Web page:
by Chuck Williamson
For James Toback, Mike Tyson has always been a paradoxical figure: a tough, taciturn bruiser, bigger-than-life but broken-down, snarling with cold menace but slinking into shadows, spouting tough guy rhetoric while riffing on Greta Garbo’s character from Grand Hotel: “I vant to be alone.” He bristles with piss and rage, chewing scenery and swinging fists—but at the same time, these extended cameos hint at a vulnerability and ennui that can only be erased by anonymity and the erasure of celebrity. Black and White (1999), for instance, tracks Tyson down in a back corner, lost in a melancholic isolation that ignites into brutal, homophobic violence when a fey, lisping Robert Downey, Jr. badgers the pugilist with celebrity-obsessed come-ons; his role in When Will I Be Loved (2005), meanwhile, gives us a Tyson attempting to break away from fame’s manacles by reconstructing the self through the unconvincing pseudonym of “Buck from Minnesota.”
Now, with Tyson, Toback pulls “Iron” Mike out of the periphery, promoting him from bit player to major performer. But the film grafts onto its threadbare “rise-and-fall” narrative the same ambiguities and anxieties that characterized the heavyweight in those previous films. Throughout his pained, discursive confessional, Tyson alternates between macho discourse and wounded contemplation, howling tirades and choked-back tears. While the film’s prolonged interview goes through the biographical checkpoints—starting with Tyson as an insecure, troubled youth taken under the wing of trainer Cus D’Amato and concluding with the downward spiral of sex, drugs, and ear-biting—its chief attraction is not narrative but psychological. The film’s structure—where Tyson’s authorial voice competes with fragmentary montage and interspersed footage—cuts through the thin veil of objectivity and attains, instead, a more personal, psychological truth where the viewer is asked to fill in textual gaps and infer meaning from a tangled discourse.
Tyson is at its best when it mines these cracks and contradictions—and many of these moments come from the rambling, sometimes contradictory nature of the boxer’s monologue. When discussing the match that won him the heavyweight championship, for instance, Tyson intersperses the epic—a play-by-play analysis of the match—with the pathetic—a personal recollection of the inflamed gonorrhea he had contracted the night before but was too ashamed to be treated for. In another sequence, Tyson berates his former manager Don King as a “slimy, reptilian motherfucker” who leached onto his fame, only to come to the sad conclusion that he may have been a leach himself. At times, even the film’s formal elements visualize these ambiguities. One of the film’s most powerful moments mixes archival footage with collaged soundbites, overlaying empowered tough talk with the anxious—even fearful—mutterings of being scared before every fight; the conflicting words and images collide and coalesce, highlighting the elusive and contradictory nature of its subject. In several scenes, Toback fragments the images through multi-paneled split-screens while Tyson’s offbeat, outsider-poet lyricism loops and overlaps over the soundtrack. The film patches together, from the fragments of memory and narrative, an unstable, incongruous image of Mike Tyson that is both fascinating and multi-layered.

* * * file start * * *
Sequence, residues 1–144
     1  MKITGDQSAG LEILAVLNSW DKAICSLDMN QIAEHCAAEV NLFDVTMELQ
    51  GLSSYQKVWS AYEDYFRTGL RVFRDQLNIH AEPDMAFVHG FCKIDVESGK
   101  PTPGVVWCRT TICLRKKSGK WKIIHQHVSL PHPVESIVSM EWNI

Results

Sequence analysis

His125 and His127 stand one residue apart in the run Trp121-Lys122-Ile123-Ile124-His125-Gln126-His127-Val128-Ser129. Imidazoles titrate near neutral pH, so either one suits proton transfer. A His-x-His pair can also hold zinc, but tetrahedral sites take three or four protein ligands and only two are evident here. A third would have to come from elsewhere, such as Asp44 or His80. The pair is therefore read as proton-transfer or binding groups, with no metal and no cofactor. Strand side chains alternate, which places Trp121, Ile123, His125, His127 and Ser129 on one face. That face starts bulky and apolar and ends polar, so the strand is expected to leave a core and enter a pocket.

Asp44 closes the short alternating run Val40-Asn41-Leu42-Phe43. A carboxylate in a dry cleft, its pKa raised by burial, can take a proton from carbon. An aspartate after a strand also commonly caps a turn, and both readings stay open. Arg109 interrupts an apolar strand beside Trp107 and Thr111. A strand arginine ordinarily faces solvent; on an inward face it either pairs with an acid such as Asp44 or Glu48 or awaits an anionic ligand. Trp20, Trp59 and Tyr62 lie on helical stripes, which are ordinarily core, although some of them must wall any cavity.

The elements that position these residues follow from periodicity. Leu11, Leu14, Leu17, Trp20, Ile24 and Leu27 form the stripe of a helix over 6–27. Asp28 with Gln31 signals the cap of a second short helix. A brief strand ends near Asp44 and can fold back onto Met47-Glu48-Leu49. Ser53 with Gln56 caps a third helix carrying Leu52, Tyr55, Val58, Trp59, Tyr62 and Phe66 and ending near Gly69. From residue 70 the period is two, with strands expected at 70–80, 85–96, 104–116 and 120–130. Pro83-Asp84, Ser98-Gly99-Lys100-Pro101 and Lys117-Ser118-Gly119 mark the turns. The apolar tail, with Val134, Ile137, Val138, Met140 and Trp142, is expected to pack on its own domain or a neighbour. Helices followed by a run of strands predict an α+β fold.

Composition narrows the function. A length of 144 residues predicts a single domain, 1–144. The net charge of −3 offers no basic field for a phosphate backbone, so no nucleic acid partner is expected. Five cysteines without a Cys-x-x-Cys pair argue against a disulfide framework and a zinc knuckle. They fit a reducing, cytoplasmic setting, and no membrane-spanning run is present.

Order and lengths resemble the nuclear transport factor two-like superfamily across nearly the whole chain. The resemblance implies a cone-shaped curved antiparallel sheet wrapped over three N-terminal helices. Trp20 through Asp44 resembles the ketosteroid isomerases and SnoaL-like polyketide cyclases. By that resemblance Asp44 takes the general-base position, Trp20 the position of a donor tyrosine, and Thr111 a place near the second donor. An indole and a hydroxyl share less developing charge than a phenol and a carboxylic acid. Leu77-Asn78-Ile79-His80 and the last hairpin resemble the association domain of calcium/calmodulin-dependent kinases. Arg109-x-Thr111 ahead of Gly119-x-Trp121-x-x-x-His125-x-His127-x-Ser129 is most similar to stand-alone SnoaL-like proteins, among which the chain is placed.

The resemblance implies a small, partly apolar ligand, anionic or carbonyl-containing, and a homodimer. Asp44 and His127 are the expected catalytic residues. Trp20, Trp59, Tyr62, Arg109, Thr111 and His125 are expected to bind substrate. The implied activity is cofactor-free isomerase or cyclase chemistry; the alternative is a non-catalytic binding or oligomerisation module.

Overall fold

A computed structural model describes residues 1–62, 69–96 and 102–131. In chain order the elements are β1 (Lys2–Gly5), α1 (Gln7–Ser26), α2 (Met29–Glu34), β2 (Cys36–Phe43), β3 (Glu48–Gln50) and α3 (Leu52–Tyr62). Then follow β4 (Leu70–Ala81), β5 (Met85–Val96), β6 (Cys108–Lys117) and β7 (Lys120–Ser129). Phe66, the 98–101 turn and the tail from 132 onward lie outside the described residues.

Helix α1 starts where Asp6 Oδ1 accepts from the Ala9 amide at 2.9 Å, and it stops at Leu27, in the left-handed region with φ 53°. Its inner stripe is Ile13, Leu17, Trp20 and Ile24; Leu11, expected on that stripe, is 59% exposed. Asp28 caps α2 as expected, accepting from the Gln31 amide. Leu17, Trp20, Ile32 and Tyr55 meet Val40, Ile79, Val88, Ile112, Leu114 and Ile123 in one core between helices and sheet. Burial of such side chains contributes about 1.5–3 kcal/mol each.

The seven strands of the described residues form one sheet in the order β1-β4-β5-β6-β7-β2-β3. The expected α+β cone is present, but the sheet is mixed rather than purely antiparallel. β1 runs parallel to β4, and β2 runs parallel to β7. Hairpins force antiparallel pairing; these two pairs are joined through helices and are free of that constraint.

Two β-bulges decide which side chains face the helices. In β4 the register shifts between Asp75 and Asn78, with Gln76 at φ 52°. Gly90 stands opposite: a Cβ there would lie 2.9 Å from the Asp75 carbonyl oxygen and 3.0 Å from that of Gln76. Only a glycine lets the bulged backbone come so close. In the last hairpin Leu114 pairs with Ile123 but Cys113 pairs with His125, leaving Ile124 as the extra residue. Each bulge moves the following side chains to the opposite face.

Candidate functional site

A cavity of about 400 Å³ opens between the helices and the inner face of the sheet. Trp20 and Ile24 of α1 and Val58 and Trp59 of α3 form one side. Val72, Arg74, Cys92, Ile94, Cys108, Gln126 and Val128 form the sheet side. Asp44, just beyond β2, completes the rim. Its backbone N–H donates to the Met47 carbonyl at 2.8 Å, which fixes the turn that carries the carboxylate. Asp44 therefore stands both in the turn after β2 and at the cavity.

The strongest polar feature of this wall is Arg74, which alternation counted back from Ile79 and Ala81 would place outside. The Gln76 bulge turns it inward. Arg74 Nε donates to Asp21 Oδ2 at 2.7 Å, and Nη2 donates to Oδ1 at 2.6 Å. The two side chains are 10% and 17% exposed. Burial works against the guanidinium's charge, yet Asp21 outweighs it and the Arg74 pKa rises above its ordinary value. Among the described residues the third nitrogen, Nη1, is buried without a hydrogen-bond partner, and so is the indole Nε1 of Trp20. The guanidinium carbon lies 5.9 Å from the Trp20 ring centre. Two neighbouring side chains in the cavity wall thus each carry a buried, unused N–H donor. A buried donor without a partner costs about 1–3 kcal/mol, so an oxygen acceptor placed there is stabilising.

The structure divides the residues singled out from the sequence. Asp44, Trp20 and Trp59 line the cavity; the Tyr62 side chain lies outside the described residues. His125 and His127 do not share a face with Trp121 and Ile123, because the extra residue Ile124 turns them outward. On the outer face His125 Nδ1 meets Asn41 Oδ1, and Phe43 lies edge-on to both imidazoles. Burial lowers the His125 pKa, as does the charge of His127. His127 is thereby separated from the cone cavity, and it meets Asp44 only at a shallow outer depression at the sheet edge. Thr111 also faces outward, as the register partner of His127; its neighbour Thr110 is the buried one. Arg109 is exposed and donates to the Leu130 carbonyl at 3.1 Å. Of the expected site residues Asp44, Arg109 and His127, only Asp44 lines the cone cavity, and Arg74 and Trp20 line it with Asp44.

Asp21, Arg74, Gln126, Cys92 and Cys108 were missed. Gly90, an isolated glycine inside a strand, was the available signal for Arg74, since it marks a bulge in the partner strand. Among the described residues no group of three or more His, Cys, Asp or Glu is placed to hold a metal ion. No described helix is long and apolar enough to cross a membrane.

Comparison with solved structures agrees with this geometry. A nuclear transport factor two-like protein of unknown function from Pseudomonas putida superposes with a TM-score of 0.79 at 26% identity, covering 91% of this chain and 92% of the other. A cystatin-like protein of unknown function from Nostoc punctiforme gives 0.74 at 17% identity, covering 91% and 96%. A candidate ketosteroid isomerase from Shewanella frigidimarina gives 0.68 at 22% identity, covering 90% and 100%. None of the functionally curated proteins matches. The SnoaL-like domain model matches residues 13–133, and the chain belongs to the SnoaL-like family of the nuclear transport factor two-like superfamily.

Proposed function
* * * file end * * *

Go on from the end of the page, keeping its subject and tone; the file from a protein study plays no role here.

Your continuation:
This does not mean that Tyson does not overstay his welcome. At times, his presence can be suffocating—particularly when Tyson’s unchallenged misogyny and predilection for cliché occasionally hijack the film. Tyson’s discrediting of Desiree Washington’s rape allegations—she’s the “lying whore,” he’s the helpless victim—is but one instance where Tyson’s troubling views on women reduce our interest in him; it does not help that this is one of the few subjects the film chooses to gloss over and take at face value. Even worse, Tyson eventually stuffs its final act with feel-good treacle and convenient clichés, allowing its subject to wallow in an assortment of family-first, love-conquers-all banalities better suited for Hollywood biopics. By allowing Tyson to construct his own narrative conclusion, the film ultimately devolves into cheap, sentimental claptrap where redemption and happiness can be attained through—what else?—the love of a child.
Or does it? In the film’s final shot, Tyson leers at the camera and delivers, without irony, a groan-worthy denouement: “My past is history, and my future’s a mystery.” But instead of cutting away, the camera pushes in for an extreme close-up, lingering long on Tyson’s sickly face as he wheezes and gasps. Even to the end, the film seems content to show us the cracks beneath Tyson’s façade.